Peter’s Finger is the site of many legendary tales in the community of New Perlican, NL. This large outcrop of rock, with a cliff pointing out towards Trinity Bay, is located in the southwestern corner of New Perlican, west of Route 80 and south of Vitter’s Cove Road. The designation is confined to that piece of land known locally as Peter’s Finger.
Statement of Significance
Formal Recognition Type
Municipal Heritage Building, Structure or Land
Peter’s Finger has been designated a municipal heritage site by the Town of New Perlican because of its cultural and aesthetic value. Peter’s Finger has cultural value as it is a component of the legendary cycle in the community of New Perlican. Legend has it that the rock feature was named after pirate Peter Easton, who used it as a lookout for enemy forces entering New Perlican by sea. By contrast it is rumoured that residents went to this spot to look out for Peter Easton or possibly D’Iberville during his campaign of raids in Trinity Bay in the late 1600s. It is also rumoured that the finger points to the location of an undiscovered treasure left behind by Peter Easton. Local residents have scaled the area, but the infamous treasure has yet to be discovered. Legend also claims that Peter’s Finger sits near a bottomless cave. The story goes that goats last seen at the top of Peter’s Finger were found floating dead in the salt water of adjacent Vitter’s Cove. This gave rise to the story that the cave is without a bottom and connected to salt water. Adding to the legendary status of this site are two silver saddle stirrups reportedly found there. The stirrups are owned by local resident Dennis Smith who first saw them as a young boy when he met two other boys walking down the road with stirrups tied to their feet. The boys said they had climbed down Peter’s Finger and found the stirrups. A few years later Smith found one of the stirrups in water under a bridge. Much later, Smith heard that a neighbor had the matching stirrup and he eventually obtained it to complete the set. The stirrups bear the mark of the Potosi mint, which was located in what is now Bolivia. A Spanish coin dating from the mid 1600s and bearing the same mark was found at the nearby Hefford Plantation archaeology site. Bill Gilbert, archeologist for the Hefford Plantation, told Mr. Smith that the silver in the stirrups is very pure, as the stirrups have never been cleaned and are in excellent condition for their age. The legends associated with Peter’s Finger speak to the importance of oral tradition in Newfoundland, and are part of the rich intangible cultural heritage of the province. Peter’s Finger serves as a reminder of the persistence of oral tradition in a modern world. Peter’s Finger has further cultural value for generations of New Perlican residents who have a shared recollection of the cultural use of the site. The top of the feature is flat with many dangerous crevices and holes. In the past local residents were known to climb down into these on a rope ladder during the summer months to retrieve ice for making homemade ice cream. This same cave was also said to have been a cold storage location for perishable foods during the warm season. Currently, local resident Mr. Ches Peddle has annually scaled the steep cliff to erect a large Canadian flag at the top of Peter’s Finger. It has become a well known sight in the community and an anticipated event when the flag flies each year in late spring or early summer. Peter’s Finger has aesthetic value as a prominent landmark in the community. Rising above the community, it offers a panoramic view of New Perlican and the waters of Trinity Bay. Source: Town of New Perlican Regular Council Meeting Motion #2010-043 July 6, 2010.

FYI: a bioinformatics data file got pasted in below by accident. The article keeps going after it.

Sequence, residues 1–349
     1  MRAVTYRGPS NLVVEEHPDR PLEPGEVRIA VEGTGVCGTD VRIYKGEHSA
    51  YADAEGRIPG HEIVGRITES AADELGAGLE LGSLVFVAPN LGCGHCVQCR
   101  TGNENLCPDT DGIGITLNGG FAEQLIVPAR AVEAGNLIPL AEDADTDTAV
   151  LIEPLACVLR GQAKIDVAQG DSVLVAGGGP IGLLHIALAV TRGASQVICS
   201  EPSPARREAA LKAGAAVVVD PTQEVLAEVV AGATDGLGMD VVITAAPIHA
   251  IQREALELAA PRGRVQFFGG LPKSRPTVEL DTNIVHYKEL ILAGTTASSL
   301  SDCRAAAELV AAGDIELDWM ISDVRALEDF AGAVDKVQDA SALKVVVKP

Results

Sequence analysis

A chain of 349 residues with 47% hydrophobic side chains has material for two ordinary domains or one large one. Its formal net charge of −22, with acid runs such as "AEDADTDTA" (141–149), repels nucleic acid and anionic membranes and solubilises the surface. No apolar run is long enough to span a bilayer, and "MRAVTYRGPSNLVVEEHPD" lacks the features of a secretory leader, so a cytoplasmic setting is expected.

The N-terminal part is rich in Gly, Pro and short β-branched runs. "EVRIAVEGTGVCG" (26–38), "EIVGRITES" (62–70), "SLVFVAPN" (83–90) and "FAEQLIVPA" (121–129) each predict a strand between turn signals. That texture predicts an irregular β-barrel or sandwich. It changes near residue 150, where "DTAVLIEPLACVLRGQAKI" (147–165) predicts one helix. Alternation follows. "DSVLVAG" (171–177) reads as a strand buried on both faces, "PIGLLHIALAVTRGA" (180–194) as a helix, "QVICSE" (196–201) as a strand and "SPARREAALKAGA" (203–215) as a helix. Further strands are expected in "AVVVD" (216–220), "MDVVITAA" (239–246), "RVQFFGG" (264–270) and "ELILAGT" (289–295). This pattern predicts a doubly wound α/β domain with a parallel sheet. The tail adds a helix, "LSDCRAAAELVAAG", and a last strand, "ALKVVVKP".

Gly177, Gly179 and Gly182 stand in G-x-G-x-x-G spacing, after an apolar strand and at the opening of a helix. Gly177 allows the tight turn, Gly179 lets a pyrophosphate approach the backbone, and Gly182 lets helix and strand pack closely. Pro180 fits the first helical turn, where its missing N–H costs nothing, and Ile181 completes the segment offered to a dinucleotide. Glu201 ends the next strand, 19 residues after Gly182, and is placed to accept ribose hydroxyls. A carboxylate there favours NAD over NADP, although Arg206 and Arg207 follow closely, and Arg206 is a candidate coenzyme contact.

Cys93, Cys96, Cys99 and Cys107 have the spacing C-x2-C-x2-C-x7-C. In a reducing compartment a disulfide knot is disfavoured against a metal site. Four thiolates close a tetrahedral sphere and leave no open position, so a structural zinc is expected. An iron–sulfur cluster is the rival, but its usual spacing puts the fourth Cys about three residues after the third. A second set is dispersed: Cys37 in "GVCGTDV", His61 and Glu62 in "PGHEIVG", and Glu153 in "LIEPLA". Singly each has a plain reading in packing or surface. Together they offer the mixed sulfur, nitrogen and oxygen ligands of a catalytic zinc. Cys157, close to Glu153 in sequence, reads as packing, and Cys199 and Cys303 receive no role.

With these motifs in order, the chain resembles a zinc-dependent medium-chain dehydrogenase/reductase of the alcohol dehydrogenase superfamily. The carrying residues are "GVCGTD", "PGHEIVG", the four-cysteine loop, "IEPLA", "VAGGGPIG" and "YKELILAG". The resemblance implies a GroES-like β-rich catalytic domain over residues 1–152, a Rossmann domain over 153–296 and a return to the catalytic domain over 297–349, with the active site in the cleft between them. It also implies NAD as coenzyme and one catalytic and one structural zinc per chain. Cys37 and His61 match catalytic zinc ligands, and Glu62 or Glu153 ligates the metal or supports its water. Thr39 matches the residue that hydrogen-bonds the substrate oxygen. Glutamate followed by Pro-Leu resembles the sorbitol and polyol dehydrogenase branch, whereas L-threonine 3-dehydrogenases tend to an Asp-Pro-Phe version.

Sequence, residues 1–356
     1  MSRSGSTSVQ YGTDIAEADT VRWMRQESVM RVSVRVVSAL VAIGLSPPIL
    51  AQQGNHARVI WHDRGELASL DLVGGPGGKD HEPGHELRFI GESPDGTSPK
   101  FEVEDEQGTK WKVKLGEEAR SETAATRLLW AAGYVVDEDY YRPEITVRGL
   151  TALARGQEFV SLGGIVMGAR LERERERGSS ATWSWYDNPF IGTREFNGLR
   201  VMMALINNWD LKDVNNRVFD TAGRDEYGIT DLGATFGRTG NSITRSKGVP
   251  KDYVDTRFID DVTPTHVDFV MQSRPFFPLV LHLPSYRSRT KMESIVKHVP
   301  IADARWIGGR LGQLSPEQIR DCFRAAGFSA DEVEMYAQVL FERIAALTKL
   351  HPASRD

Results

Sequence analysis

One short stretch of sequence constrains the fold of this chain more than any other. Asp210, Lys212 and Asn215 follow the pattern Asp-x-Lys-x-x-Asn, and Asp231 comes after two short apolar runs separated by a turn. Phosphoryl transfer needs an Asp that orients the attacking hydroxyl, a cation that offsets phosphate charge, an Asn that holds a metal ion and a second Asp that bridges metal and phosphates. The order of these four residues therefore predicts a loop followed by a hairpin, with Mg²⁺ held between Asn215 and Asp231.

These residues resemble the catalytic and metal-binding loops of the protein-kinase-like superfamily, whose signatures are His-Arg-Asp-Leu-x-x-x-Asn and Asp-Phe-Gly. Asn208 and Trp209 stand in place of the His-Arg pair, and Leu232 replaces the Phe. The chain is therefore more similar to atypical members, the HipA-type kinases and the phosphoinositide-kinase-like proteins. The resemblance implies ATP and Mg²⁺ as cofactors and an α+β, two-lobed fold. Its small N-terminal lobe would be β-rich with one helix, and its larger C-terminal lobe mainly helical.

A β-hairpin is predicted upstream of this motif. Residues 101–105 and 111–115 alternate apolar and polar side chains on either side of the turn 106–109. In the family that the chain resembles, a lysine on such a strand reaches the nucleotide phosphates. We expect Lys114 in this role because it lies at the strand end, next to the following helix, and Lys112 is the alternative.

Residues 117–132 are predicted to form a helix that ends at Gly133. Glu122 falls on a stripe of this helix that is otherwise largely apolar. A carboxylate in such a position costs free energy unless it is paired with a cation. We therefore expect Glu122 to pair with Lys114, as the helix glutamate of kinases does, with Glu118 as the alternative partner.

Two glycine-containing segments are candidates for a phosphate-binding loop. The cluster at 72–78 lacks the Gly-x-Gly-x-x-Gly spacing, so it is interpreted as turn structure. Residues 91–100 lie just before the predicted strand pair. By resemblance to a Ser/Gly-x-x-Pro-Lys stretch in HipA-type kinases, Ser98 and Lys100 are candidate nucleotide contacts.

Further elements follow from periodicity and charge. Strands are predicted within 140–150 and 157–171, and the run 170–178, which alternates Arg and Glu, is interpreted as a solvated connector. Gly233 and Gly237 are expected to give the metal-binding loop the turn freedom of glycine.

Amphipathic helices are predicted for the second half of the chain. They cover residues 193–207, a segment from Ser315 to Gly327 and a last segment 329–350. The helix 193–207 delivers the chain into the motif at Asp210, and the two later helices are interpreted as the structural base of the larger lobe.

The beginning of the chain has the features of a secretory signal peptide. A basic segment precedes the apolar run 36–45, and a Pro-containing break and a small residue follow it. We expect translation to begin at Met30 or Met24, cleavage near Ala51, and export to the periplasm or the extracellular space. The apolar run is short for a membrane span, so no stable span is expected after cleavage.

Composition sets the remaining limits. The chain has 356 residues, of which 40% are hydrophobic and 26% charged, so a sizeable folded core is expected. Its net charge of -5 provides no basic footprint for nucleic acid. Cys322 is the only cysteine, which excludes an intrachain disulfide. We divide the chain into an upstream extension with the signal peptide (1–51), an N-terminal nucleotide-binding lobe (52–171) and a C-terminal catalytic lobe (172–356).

Character Defining Elements
All those elements which represent the cultural and aesthetic value of Peter’s Finger, including: – unobstructed view planes to and from Peter’s Finger; – the untouched, natural landscape of Peter’s Finger; – the lack of buildings, and; – continued public access to Peter’s Finger.
Location and History
Town of New Perlican
2010 - 2010